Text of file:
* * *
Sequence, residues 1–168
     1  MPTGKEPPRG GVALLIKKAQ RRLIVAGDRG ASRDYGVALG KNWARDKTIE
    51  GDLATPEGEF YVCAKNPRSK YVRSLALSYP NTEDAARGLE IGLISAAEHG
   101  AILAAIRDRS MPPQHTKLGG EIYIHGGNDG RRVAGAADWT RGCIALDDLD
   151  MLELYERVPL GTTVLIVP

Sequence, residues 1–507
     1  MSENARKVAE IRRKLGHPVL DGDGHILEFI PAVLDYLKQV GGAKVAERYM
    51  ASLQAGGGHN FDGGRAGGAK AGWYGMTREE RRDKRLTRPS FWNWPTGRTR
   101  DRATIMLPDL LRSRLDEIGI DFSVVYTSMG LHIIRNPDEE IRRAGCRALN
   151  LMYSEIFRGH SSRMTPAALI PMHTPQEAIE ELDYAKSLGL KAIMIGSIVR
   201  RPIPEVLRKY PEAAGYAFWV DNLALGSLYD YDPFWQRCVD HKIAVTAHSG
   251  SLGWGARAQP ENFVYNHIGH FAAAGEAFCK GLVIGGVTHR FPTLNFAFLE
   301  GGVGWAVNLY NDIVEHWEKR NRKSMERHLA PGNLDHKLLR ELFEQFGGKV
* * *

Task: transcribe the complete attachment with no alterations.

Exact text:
Sequence, residues 1–168
     1  MPTGKEPPRG GVALLIKKAQ RRLIVAGDRG ASRDYGVALG KNWARDKTIE
    51  GDLATPEGEF YVCAKNPRSK YVRSLALSYP NTEDAARGLE IGLISAAEHG
   101  AILAAIRDRS MPPQHTKLGG EIYIHGGNDG RRVAGAADWT RGCIALDDLD
   151  MLELYERVPL GTTVLIVP

Sequence, residues 1–507
     1  MSENARKVAE IRRKLGHPVL DGDGHILEFI PAVLDYLKQV GGAKVAERYM
    51  ASLQAGGGHN FDGGRAGGAK AGWYGMTREE RRDKRLTRPS FWNWPTGRTR
   101  DRATIMLPDL LRSRLDEIGI DFSVVYTSMG LHIIRNPDEE IRRAGCRALN
   151  LMYSEIFRGH SSRMTPAALI PMHTPQEAIE ELDYAKSLGL KAIMIGSIVR
   201  RPIPEVLRKY PEAAGYAFWV DNLALGSLYD YDPFWQRCVD HKIAVTAHSG
   251  SLGWGARAQP ENFVYNHIGH FAAAGEAFCK GLVIGGVTHR FPTLNFAFLE
   301  GGVGWAVNLY NDIVEHWEKR NRKSMERHLA PGNLDHKLLR ELFEQFGGKV